Running her hands roughly through her wavy red hair, Amy watched as tears clouded her vision and felt her pain form a lump in her throat that threatened to choke her. One could only handle so much opposition in their lives before it became too much. This introduction of another doctor who would promise to 'fix her problems' and 'make her feel better' wouldn't help her at all. She didn't need to attend a single session to know that her floppy-haired man was really there, no matter how she treated the psychiatrist's guidance.

It had been many years since her first psychiatrist, and since her first day of 'therapy', as many called it, Amy had grown to resent them all. Wasn't it obvious to them yet that she wasn't making this up? She wasn't lying to get attention. If she'd wanted that, she'd have done the stupid things everyone else her age did. She could have dyed her hair every colour in the rainbow. She could go partying all night. She could even pierce every available bit of skin, if attention was her game. But no - that was not what she wanted. Not at all.

"It was only a matter of time, Amy," a familiar voice crooned in her ear. "I don't think your aunt was too pleased that you bit the last one."

"Oh god, shut up. You are the last thing I need right now, Doctor," she snarled, her tone suddenly vicious. Despite her furious demeanour, tears still fell from her eyes, now out of frustration more than anything.

With a sympathetic look in Amy's direction from his place at her desk, the Doctor blurted out, "Then what do you need?

"Look, you were fun when I was a little girl, but look at me!" she half-wailed, gesturing to herself. "I'm not a little girl anymore, am I, Doctor? Kids have imaginary friends when they're young. But I'm not young anymore, so I don't understand-"

"Amelia, you're technically still a child."

"Oh, shut up!" Amy groaned, covering her eyes and tossing herself back onto her bed. "You're not listening! I'm not saying I don't… well, appreciate the company, or anything, but come on! I'm fifteen. There's got to be a point to this that I'm just not getting. That's the one thing I ever really listen to with all these stupid psychiatrists - there's a reason for you. You're smart. Haven't you got anything? I need to know why you showed up in the first place, 'cos it's going to drive me mad, not knowing."

"What ideas could I possibly have, Pond? I'm inside your head, so I only know what you know," he said simply, moving from her desk to her bed. "But, well, you know that."

After becoming a teenager, Amy became even more insistent about the fact that she was not imagining the Doctor - he was right there. He was both real and fake, she had begun to see. He was as solid as anyone else she'd ever met, but at the same time, only she could see him. She could make neither heads nor tails of it.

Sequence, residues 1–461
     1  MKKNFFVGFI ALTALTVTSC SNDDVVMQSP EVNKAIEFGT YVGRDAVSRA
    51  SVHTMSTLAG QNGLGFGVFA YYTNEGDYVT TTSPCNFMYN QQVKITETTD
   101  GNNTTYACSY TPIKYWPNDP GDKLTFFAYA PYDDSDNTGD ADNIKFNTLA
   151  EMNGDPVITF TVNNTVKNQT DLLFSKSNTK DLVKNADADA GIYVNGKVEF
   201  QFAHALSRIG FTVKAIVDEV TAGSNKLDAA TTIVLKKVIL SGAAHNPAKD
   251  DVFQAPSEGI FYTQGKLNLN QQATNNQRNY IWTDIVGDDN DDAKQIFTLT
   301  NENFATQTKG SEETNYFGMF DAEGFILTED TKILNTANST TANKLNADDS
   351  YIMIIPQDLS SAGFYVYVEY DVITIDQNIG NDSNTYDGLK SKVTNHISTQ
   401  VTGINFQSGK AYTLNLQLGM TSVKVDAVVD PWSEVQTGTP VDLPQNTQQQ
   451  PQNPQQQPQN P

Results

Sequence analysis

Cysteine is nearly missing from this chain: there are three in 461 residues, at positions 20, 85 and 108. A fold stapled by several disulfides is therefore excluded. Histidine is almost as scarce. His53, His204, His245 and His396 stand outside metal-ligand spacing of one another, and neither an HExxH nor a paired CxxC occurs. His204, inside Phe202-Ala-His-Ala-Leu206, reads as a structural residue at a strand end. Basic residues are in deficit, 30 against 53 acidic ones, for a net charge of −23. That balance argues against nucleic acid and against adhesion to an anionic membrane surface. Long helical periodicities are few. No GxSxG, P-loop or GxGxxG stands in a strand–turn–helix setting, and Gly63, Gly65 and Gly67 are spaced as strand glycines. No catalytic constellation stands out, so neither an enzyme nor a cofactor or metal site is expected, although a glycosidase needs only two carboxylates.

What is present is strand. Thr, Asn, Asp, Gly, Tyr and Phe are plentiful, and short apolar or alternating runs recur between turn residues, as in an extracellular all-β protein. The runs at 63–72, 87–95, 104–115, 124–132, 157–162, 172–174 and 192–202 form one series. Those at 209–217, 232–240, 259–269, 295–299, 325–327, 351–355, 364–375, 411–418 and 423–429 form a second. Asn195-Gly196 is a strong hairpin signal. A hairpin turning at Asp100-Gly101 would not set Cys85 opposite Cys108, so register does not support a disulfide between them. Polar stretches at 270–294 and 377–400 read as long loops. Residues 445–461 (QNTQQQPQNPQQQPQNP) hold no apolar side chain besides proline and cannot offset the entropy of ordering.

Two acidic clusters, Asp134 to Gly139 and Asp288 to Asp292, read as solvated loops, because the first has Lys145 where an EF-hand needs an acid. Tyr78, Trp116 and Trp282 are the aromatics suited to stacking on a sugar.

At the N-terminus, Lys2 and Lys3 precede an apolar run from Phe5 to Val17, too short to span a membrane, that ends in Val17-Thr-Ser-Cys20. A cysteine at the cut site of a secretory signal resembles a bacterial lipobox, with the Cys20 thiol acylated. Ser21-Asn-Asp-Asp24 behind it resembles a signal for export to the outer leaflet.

"Well, use your imagination, then!"

"Why don't you use yours?"

Growling in annoyance, Amy wrenched herself back into a sitting position and looked over at the raggedy man that was sat on the edge of her bed, staring back at her. "You're impossible! Can't you just… I don't know, go into my subconscious, or something like that? You're in my head, you can get at it easier. Maybe I already know the answer and it's just buried."

Instead of replying, the Doctor raised a quizzical eyebrow at the redheaded girl.

"Oh, you know what I mean! Can't you just tell me?" Amy questioned. "For god's sakes, I'm seeing things! Look, please, Doctor. I don't understand. I just want to be like everyone else, but I'm not. Nobody else has someone like you following them around everywhere. You've been here since I was a little girl -"

The Doctor chose that moment to cut her off and give her the simplest of starting points. The words he spoke were so quiet that she could barely hear them, but when she did, everything in her mind fell into place.

"It's because you're missing people. Important people."

It came to her, so simple and so clear that she was astounded that she had not thought of it immediately. The man that was sat on her bed next to her was a substitution - he was everything she had ever wanted, everything she had seen others receive without want or effort. She could not recall the warmth of a mother's touch or the love of a father. She did not know the companionship of a friend or a boyfriend. And yet, everyone else she knew did, and it hardly seemed fair. They rarely (if at all) expressed their gratitude, or spent each waking moment with the ones dearest to them. As far as Amy could see, such people were taken for granted by everyone but her.